Rankings and levers

October 12, 2008

Newspapers have been quoting the survey by the World Economic Forum in which business leaders have been rating the solvency of world banks.

The rankings however were compiled just before the recent £50 billion bail-out by the UK, the nationalisation of the Icelandic banks and the larger US bail-out.

The website has the co-authors interviewed from the 3rd to the 7th of October. The report itself was published on the 8th October.


1. Canada

2. Sweden

3. Luxembourg

4. Australia

5. Denmark

6. Netherlands

7. Belgium

8. New Zealand

9. Ireland

10. Malta

11. Hong Kong

12. Finland

13. Singapore

14. Norway

15. South Africa

16. Switzerland

17. Namibia

18. Chile

19. France

20. Spain

21. Barbados

22. Bahrain

23. Slovak Republic

24. Brazil

25. Estonia

26. Austria

27. Panama

28. Mauritius

29. Kuwait

30. Qatar

31. United Arab Emirates

32. Trinidad and Tobago

33. Senegal

34. Israel

35. Portugal

36. Iceland

37. Cyprus

38. Botswana

39. Germany

40. United States

41. Lithuania

42. Peru

43. El Salvador

44. United Kingdom

45. Greece

46. Benin

47. Costa Rica

48. Malawi

49. Guyana

50. Malaysia

51. India

52. Puerto Rico

53. The Gambia

54. Montenegro

55. Mexico

56. Croatia

57. Czech Republic

58. Jordan

59. Ghana

60. Suriname

61. Brunei Darussalam

62. Latvia

63. Saudi Arabia

64. Kenya

65. Jamaica

66. Honduras

67. Zambia

68. Burkina Faso

69. Slovenia

70. Sri Lanka

71. Pakistan

72. Philippines

73. Republic of Korea

74. Romania

75. Thailand

76. Madagascar

77. Colombia

78. Cote d’Ivoire

79. Italy

80. Bulgaria

81. Hungary

82. Cameroon

83. Georgia

84. Oman

85. Tunisia

86. Paraguay

87. Nigeria

88. Armenia

89. Morocco

90. Dominican Republic

91. Bolivia

92. Malia

93. Japan

94. Tanzania

95. Moldova

96. Bosnia and Herzegovina

97. Poland

98. Nicaragua

99. Venezuela

100. Uruguay

101. Guatemala

102. FYR Macedonia

103. Syria

104. Albania

105. Nepal

106. Mozambique

107. Russian Federation

108. China

109. Uganda

110. Serbia

111. Egypt

112. Ukraine

113. Vietnam

114. Turkey

115. Bangladesh

116. Azerbaijan

117. Taiwan, China

118. Ecuador

119. Mauritania

120. Mongolia

121. Indonesia

122. Zimbabwe

123. Tajikistan

124. Kazakhstan

125. Cambodia

126. Burundi

127. Chad

128. Ethiopia

129. Argentina

130. East Timor

131. Kyrgyz Republic

132. Lesotho

133. Libya

134. Algeria

Yes. That’s right.

The UK lies behind Peru and El Salvador.

Now given this report was a survey of the world’s economists whose advice our banks were no doubt taking; should we believe it?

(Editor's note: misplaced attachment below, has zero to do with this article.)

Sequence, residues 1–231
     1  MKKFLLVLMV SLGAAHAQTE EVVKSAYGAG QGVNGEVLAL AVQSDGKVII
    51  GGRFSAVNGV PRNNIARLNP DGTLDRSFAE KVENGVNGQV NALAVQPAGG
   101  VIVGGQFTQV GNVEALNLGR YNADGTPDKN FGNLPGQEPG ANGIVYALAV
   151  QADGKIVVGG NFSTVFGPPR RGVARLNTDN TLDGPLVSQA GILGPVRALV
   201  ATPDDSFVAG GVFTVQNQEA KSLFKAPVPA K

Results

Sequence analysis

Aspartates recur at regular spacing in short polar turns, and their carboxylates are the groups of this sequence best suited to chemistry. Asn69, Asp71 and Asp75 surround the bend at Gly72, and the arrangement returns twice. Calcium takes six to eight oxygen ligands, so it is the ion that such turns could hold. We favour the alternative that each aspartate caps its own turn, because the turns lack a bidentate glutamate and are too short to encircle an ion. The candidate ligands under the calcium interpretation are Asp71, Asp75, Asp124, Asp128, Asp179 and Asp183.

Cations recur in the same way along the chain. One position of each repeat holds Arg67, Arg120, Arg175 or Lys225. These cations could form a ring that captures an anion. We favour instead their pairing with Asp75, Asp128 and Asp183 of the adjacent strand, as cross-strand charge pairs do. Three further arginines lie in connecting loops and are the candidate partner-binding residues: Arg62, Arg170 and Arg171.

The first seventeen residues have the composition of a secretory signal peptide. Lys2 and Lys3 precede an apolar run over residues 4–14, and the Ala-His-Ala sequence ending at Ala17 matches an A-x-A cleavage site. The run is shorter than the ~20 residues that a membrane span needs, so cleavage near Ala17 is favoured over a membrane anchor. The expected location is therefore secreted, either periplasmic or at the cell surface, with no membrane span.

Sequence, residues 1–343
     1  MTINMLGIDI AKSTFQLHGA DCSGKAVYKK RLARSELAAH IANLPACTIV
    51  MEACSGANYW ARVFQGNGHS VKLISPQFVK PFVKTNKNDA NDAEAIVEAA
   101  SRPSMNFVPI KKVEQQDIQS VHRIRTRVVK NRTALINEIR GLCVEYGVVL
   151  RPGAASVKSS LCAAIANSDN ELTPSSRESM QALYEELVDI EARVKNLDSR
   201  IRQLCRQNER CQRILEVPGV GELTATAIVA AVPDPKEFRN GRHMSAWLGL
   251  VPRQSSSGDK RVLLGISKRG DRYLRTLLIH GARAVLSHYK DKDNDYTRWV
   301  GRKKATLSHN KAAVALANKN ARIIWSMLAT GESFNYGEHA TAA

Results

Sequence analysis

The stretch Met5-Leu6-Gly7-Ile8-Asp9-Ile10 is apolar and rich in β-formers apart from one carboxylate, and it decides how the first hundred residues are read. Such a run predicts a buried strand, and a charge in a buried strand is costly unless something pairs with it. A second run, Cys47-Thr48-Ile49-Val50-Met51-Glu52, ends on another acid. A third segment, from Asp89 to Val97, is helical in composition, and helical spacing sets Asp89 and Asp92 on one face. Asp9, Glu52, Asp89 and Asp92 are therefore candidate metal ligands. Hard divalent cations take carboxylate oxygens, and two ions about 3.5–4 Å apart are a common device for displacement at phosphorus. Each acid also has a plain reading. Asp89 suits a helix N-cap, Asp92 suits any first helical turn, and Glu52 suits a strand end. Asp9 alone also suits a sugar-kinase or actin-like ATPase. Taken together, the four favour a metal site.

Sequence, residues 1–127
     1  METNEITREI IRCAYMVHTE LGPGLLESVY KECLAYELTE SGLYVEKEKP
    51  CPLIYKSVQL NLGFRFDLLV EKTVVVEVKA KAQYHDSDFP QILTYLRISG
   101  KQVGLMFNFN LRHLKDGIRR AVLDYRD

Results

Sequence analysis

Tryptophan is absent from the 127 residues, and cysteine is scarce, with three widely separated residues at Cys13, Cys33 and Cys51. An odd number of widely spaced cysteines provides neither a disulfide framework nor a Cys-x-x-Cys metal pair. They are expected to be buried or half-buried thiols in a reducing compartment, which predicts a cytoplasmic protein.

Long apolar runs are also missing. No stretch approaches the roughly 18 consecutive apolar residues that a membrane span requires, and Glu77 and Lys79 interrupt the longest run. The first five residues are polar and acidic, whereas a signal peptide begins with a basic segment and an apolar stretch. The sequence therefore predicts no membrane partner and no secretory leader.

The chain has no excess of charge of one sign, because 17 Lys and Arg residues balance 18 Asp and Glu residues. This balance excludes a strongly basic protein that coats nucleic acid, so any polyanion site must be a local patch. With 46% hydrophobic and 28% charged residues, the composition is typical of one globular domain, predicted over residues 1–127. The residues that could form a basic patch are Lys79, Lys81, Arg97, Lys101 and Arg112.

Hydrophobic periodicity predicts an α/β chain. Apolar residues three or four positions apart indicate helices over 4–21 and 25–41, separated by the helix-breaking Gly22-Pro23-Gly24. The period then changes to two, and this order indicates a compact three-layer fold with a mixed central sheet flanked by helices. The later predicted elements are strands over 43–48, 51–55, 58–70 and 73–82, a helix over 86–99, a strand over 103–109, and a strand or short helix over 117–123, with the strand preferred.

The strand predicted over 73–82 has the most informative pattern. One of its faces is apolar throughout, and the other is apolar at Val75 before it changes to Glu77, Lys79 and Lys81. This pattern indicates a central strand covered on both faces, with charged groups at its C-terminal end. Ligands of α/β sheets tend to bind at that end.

Are the UK’s banks really behind Peru, El Salvador and Senegal?

Or is it an accurate representation that is slightly out of date, compiled as it was slightly before the bail-outs?

That must depend on whether you believe the bail-outs will work.

If reports are to be believed the Royal Bank of Scotland is next in line to be nationalised tomorrow. If that happens then there will be further pressure on the remaining UK bank’s to be nationalised too. The banking sector could be picked off one by one by the market and the taxpayer forced to pick up the tab.

On that Iain Dale post there have already been comments about the English taxpayer bailing out the Scottish bank.

It must be a pity, to all those who carp, that Scotland is not already independent.

An independent Scotland with a similar oil fund like our neighbour Norway could be similarly insulated from these turbulent times.

It would also have the economic levers to maintain its economy best, not just for the South-East of England as remains the case today. Remember Eddie George, the former Governor of the Bank of England: Unemployment in the north is a price worth paying for affluence in the South!

Although the credit crunch is global, take a look back at those rankings.

Sweden, Luxembourg, Denmark, Belgium, Netherlands. All small countries lying in the top 10.

Even Ireland, who have recently guaranteed all deposits in their banks, are sitting 9th.

The argument that Scotland is too small to be financially unstable is farcical! I don’t hear anyone saying that Denmark is too small and should be run from Berlin. (Not since the days of Adolf Hitler and the Second World War anyway!)